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Apple’s wireless charging tech may interfere with pacemakers

A new study shows that Apple’s MagSafe technology may pose problems for patients with cardiac implants.

Apple’s wireless charging tech may interfere with pacemakers
[Photo: Tewan/iStock]
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A new study published in the Journal of the American Heart Association shows that the iPhone 12 Pro Max can cause magnetic interference when placed very close to implantable cardiac devices from three major brands.

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Researchers first tested the iPhone 12 Pro Max by placing it on a patient’s skin right over the implant, replicating the impact of a phone placed in the breast pocket of a shirt. In a second test, they placed the phone on top of an unwrapped implantable device, still in its box. In both cases, researchers were able to detect significant magnetic interference. The study was small, involving three patients and a total of 14 devices from Medtronic, Abbott, and Boston Scientific. Still, interference was present in all of the implanted devices and more than 70% of the boxed-up devices.

The culprit here is MagSafe, a feature that was reintroduced in 12-series devices and refers to Apple’s various magnetic accessories for iPhone and iPad. This includes MagSafe wireless chargers, cases, and wallets. To connect iPhones and iPads to these accessories, Apple has installed a ring of magnets inside the 12-series devices. This allows the accessories to snap onto its phones and tablets and stay attached.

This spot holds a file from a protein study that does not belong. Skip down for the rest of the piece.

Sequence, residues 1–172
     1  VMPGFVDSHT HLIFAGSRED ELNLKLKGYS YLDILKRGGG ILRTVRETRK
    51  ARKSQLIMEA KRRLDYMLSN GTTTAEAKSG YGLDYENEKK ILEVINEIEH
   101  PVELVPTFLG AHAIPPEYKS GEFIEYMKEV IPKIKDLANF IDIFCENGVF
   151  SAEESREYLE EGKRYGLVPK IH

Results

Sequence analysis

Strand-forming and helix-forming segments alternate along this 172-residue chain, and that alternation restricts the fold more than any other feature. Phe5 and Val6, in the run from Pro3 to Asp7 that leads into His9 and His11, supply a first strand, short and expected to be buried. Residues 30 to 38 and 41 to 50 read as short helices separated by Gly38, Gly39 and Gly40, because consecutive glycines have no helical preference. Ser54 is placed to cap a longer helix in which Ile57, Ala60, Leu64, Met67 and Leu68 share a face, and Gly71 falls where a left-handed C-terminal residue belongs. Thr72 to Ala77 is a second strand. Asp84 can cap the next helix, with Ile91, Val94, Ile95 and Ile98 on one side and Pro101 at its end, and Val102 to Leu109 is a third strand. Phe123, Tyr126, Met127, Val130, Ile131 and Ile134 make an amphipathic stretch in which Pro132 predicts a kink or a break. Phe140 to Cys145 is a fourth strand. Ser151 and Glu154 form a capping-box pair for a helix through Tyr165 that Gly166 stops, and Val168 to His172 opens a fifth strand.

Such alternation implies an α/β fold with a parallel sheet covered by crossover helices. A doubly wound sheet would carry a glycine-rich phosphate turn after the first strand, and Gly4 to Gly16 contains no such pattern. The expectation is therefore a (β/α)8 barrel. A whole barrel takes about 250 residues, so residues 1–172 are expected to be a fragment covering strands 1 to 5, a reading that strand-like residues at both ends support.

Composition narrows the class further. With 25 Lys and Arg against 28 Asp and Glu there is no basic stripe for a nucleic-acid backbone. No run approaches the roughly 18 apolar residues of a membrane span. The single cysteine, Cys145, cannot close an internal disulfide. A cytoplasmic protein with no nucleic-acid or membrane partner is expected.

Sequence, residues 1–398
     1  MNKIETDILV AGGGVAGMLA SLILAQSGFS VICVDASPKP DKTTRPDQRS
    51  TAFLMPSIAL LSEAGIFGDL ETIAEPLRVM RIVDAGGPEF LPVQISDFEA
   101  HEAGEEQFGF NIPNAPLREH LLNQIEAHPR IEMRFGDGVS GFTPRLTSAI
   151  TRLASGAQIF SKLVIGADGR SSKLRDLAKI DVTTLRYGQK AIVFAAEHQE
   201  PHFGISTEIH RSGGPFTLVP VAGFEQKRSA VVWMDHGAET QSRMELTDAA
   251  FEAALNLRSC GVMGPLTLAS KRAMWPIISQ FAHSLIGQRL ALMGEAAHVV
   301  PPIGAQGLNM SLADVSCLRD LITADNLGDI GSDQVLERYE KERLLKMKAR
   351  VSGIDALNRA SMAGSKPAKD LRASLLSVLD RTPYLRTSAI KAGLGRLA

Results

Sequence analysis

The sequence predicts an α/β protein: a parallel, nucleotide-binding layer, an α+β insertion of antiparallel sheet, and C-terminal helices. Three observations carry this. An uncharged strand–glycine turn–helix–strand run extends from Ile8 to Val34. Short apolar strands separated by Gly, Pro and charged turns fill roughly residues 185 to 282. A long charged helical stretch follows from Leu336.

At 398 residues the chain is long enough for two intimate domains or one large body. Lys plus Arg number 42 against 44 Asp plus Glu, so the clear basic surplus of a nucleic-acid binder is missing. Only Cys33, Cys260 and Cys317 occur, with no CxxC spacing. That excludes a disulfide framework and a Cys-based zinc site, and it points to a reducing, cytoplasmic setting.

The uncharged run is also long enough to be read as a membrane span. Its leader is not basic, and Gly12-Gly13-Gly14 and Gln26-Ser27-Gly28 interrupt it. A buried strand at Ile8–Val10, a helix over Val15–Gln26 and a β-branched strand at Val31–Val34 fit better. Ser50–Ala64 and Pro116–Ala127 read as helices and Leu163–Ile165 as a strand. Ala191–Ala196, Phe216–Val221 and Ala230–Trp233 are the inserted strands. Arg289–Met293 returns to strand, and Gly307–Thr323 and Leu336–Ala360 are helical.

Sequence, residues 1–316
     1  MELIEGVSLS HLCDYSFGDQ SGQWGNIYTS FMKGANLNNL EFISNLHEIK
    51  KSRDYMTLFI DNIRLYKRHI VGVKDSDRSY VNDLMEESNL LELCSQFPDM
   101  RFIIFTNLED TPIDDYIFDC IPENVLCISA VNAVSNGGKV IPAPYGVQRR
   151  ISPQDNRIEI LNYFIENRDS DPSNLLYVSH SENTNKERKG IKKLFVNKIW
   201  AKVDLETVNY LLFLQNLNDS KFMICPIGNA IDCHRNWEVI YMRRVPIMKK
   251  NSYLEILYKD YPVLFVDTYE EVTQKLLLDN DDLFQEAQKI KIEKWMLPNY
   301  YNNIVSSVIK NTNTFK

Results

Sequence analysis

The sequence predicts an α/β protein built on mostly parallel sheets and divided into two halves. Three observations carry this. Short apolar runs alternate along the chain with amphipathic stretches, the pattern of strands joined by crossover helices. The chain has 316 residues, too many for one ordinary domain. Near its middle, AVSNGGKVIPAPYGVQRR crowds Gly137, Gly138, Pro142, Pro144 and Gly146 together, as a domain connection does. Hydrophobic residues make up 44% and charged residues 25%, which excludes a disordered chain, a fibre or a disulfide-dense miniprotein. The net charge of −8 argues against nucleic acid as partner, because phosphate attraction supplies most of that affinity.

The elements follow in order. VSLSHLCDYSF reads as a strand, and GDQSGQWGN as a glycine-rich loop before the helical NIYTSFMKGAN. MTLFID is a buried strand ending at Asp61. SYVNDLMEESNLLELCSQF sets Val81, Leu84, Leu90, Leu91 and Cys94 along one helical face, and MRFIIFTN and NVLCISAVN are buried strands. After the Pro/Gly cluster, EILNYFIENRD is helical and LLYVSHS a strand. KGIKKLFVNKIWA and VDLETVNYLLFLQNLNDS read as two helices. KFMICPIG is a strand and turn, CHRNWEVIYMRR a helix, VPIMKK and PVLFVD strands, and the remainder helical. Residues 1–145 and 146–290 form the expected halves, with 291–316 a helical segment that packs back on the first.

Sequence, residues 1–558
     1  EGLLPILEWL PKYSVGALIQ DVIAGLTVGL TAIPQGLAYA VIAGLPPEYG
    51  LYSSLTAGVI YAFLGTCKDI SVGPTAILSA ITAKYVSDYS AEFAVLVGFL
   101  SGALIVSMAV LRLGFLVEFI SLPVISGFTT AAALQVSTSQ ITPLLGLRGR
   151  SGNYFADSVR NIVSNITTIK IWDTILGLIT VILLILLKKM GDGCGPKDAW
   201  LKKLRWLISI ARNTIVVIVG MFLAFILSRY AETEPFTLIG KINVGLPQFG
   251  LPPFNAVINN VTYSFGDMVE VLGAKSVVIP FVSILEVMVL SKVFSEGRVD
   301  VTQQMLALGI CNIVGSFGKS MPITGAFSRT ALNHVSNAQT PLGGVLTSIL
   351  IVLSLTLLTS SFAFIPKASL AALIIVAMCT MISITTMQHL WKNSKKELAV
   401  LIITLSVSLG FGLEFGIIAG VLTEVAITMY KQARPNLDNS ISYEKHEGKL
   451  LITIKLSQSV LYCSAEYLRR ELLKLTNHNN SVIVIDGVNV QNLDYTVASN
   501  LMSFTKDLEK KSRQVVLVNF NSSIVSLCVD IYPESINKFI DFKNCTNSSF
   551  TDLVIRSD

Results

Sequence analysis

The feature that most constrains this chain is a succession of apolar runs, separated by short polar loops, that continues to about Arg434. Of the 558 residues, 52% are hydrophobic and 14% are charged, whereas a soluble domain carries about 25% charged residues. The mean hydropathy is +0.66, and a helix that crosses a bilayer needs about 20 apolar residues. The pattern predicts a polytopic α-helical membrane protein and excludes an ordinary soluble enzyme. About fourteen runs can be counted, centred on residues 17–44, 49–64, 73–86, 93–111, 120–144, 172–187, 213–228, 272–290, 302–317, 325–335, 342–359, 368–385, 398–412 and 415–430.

The study was first reported by Apple Insider, which noted that the new findings confirm a previous study in Heart Rhythm Journal that found the magnets in the iPhone 12 suspended normal function of a cardiac implant that restores normal heart rhythms in patients with arrhythmia. In the wake of that study, Apple issued an update saying that its latest range of products could interfere with medical devices and should be kept at least 6 inches away from them—12 inches away if charging.

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“Apple Inc. has an advisory stating that the newer generation iPhone 12 does not pose a greater risk for magnet interference when compared to the older generation iPhones,” the study notes. “However, our study suggests otherwise as magnet response was demonstrated in 3/3 cases in vivo.” As other studies have shown, older generations of iPhones, like the iPhone 6, have not interfered with patients’ heart implants.

The researchers are calling for a wider study to be done.

About the author

Ruth Reader is a writer for Fast Company. She covers the intersection of health and technology.

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